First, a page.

Have you ever been asked about creating arrays in SQL Server? Processing an array of values inside a procedure/ function is a common requirement. The question arises quite often, especially if you deal with Oracle specialists because Oracle has arrays. But the thing is, SQL Server does not have this.
Still, what if we need this functionality in the SQL Server environment? Fortunately, there are ways to resolve the issue. In this article, I am going to explain the most efficient alternatives to arrays in SQL Server.
Table Valued Parameters (TVP) Instead of Arrays
The SQL Server 2008 introduced a feature called table-valued parameters (TVP). It enabled users to combine values in a table and process them in table format. Stored procedures or functions could use this variable in join operations. It let them improve performance and avoid cursor-like operations item-by-item.
Although the table-based approach has been available for a long time, lists of values as parameters are widely used for the following two reasons:
- Table-based variables are not supported by JDBC drivers. Java applications and services have to use comma-separated lists or structured formats like XML to transfer the list of values to the database server.
- Legacy code is still in production and needs to be maintained, and migration projects are too costly for execution.
To solve this problem, specialists apply several approaches. Some of them include writing a .NET CLR function or using XML. However, as the execution of .NET CLR functions might not be available in all environments, and XML is usually not the fastest solution, I will focus on the other two common approaches. They are the numbers table and common table expression (CTE) methods.
Split String into Array in SQL Server
The numbers table approach means that you must manually create a table containing enough rows so that the longest string you split will never exceed this number.
In this example, I am using 100.000 rows with a clustered index and compression on the generated column. This allows accelerating the data retrieval.
IF EXISTS ( SELECT * FROM sys.objects WHERE object_id = OBJECT_ID(N'dbo.NumbersTest') ) BEGIN DROP TABLE NumbersTest; END; CREATE TABLE NumbersTest (Number INT NOT NULL); DECLARE @RunDate datetime = GETDATE() DECLARE @i INT = 1; WHILE @i <= 100000 BEGIN INSERT INTO dbo.NumbersTest(Number) VALUES (@i); SELECT @i = @i + 1; END; CREATE UNIQUE CLUSTERED INDEX n ON dbo.NumbersTest(Number) WITH (DATA_COMPRESSION = PAGE); GO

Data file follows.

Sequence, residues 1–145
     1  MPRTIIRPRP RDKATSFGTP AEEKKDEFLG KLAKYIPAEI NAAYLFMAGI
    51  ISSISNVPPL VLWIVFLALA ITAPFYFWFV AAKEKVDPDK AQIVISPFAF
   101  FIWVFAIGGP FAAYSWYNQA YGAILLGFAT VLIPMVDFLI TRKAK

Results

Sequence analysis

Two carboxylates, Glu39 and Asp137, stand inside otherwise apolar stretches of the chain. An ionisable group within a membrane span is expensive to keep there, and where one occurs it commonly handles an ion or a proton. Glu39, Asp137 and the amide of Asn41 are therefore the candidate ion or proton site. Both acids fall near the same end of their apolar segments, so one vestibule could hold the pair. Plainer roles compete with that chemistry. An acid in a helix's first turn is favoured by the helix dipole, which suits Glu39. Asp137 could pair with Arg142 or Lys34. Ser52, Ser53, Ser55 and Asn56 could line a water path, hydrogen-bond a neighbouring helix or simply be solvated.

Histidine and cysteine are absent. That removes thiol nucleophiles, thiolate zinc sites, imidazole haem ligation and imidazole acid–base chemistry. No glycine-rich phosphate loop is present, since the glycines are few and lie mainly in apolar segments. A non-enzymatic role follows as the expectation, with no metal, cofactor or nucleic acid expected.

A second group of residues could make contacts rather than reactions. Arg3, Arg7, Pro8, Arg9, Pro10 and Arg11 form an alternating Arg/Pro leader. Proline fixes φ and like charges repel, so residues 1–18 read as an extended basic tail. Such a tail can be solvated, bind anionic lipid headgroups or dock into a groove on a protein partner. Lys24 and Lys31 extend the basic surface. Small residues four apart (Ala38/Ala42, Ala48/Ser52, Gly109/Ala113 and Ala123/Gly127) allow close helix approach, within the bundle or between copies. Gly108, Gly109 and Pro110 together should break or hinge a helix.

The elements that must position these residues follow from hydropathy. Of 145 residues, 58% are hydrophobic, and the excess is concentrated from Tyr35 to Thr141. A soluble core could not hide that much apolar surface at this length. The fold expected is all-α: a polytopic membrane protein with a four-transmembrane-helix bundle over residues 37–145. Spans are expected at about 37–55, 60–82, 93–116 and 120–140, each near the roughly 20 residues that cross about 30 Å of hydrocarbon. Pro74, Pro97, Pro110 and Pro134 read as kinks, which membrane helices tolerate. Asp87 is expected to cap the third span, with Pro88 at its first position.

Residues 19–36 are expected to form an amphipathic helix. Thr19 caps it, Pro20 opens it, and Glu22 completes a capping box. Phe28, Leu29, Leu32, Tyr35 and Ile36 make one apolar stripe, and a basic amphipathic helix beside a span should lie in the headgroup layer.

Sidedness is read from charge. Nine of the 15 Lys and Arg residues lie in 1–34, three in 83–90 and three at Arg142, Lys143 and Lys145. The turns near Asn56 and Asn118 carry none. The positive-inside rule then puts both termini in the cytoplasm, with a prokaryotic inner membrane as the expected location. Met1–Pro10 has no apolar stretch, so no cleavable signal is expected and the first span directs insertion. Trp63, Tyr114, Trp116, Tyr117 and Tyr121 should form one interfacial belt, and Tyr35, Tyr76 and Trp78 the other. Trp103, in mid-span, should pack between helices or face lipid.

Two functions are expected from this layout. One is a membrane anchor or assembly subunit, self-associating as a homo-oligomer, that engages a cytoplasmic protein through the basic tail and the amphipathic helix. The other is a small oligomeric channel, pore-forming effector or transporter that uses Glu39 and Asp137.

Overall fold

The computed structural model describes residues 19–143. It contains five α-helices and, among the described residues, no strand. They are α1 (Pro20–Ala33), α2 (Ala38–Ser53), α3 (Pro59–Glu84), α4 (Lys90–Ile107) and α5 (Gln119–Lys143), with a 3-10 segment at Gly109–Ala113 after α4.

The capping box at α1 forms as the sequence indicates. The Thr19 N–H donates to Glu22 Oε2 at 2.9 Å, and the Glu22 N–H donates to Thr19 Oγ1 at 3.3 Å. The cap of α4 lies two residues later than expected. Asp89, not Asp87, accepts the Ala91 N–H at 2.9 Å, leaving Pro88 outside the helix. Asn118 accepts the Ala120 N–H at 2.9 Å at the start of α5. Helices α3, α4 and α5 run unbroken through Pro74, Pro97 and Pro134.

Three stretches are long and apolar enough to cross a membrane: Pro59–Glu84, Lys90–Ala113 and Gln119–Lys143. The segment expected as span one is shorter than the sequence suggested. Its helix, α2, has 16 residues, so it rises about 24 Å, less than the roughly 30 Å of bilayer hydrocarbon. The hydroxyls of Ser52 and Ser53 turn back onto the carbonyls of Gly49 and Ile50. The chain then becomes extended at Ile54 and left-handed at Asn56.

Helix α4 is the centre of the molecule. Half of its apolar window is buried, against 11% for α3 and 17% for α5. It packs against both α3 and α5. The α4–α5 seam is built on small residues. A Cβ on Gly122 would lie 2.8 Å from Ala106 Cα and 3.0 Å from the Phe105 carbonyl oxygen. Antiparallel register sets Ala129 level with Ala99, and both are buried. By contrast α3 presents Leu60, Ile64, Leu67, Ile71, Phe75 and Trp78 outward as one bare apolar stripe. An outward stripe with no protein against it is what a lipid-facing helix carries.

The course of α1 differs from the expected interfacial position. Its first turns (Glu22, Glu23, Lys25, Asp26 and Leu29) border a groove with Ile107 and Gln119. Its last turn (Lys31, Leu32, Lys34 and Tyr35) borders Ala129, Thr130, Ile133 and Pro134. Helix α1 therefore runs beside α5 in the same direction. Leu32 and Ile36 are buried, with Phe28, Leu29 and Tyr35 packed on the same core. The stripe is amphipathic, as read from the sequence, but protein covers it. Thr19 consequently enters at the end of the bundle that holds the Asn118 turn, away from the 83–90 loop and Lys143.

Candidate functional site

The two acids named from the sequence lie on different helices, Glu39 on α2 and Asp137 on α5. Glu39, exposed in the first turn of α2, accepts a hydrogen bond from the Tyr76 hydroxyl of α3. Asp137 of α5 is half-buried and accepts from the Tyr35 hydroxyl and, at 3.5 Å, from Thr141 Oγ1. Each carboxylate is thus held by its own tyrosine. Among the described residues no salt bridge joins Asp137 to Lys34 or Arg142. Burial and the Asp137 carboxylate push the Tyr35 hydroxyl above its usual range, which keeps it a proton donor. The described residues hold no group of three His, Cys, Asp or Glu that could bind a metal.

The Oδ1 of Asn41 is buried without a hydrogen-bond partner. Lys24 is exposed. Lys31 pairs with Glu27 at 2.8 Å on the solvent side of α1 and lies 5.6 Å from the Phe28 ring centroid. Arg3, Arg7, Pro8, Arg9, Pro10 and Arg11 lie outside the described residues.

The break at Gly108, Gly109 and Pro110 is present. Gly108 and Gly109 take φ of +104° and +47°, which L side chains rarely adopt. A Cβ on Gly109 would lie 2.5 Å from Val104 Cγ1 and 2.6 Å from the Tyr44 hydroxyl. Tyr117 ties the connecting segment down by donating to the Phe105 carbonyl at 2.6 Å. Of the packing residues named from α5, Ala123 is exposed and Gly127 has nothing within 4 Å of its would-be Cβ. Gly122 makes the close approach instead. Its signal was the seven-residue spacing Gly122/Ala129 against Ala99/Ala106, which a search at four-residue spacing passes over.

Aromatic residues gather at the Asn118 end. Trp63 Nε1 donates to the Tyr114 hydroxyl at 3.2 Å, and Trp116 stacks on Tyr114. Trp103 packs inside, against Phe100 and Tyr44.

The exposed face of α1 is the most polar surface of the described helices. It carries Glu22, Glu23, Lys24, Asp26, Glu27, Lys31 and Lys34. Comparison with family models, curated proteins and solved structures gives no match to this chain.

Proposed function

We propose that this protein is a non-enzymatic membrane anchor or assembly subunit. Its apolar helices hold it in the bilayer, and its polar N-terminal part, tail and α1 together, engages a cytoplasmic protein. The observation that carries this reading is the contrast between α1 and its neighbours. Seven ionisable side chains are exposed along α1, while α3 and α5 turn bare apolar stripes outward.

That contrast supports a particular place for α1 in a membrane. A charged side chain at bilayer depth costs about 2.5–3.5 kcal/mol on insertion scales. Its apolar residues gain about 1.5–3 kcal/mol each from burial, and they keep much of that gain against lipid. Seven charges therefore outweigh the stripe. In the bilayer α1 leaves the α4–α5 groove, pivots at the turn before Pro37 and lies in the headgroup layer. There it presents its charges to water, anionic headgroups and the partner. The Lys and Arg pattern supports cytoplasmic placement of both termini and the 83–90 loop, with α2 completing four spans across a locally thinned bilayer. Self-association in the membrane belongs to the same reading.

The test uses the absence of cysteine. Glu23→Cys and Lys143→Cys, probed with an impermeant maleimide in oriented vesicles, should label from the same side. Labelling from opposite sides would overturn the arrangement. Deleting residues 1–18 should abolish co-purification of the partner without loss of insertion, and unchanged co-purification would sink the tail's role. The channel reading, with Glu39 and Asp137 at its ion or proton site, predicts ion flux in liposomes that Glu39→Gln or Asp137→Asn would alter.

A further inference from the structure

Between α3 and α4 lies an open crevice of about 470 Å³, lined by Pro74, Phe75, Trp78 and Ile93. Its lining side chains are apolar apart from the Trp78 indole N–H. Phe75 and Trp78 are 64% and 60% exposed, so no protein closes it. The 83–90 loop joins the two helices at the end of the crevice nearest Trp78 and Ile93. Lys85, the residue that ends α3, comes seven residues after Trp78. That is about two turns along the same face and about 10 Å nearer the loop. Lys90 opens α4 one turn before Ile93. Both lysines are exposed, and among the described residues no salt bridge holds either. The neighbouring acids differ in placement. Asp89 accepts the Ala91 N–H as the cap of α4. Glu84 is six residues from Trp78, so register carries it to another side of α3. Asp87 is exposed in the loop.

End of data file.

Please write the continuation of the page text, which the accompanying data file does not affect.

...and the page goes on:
Notice that index compression can only be used on Enterprise versions of SQL Server. Otherwise, you do not apply this option during the index creation.
With a newly created NumbersTest table, we can write a custom function performing an array splitting functionality:
CREATE FUNCTION dbo.Split_Numbers ( @List NVARCHAR(MAX), @Delimiter NVARCHAR(255) ) RETURNS TABLE WITH SCHEMABINDING AS RETURN ( SELECT Item = SUBSTRING(@List, Number, CHARINDEX(@Delimiter, @List + @Delimiter, Number) - Number) FROM dbo.NumbersTest WHERE Number <= CONVERT(INT, LEN(@List)) AND SUBSTRING(@Delimiter + @List, Number, LEN(@Delimiter)) = @Delimiter);
On the other hand, if we use the CTE method, it will not require a numbers table. Instead, we will use a recursive CTE to extract each part of the string from the “remainder” of the previous part.
CREATE FUNCTION dbo.Split_CTE ( @List NVARCHAR(MAX), @Delimiter NVARCHAR(255) ) RETURNS @Items TABLE (Item NVARCHAR(4000)) WITH SCHEMABINDING AS BEGIN DECLARE @ll INT = LEN(@List) + 1, @ld INT = LEN(@Delimiter); WITH a AS ( SELECT [start] = 1, [end] = COALESCE(NULLIF(CHARINDEX(@Delimiter, @List, 1), 0), @ll), [value] = SUBSTRING(@List, 1, COALESCE(NULLIF(CHARINDEX(@Delimiter, @List, 1), 0), @ll) - 1) UNION ALL SELECT [start] = CONVERT(INT, [end]) + @ld, [end] = COALESCE(NULLIF(CHARINDEX(@Delimiter, @List, [end] + @ld), 0), @ll), [value] = SUBSTRING(@List, [end] + @ld, COALESCE(NULLIF(CHARINDEX(@Delimiter, @List, [end] + @ld), 0), @ll)-[end]-@ld) FROM a WHERE [end] < @ll ) INSERT @Items SELECT [value] FROM a WHERE LEN([value]) > 0 OPTION (MAXRECURSION 0); RETURN; END
Now we need to test these two approaches. Let us start with a simple test case to check if they work properly:
DECLARE @Values NVARCHAR(MAX) =N'Value 1,Value 2,Value 3,Value 4,Value 5'; SELECT Item AS NumSplit FROM dbo.Split_Numbers (@Values, N','); SELECT Item AS CTESplit FROM dbo.Split_CTE (@Values, N',');
The Execution plan is below. As we see, functions use different methods to achieve the same result.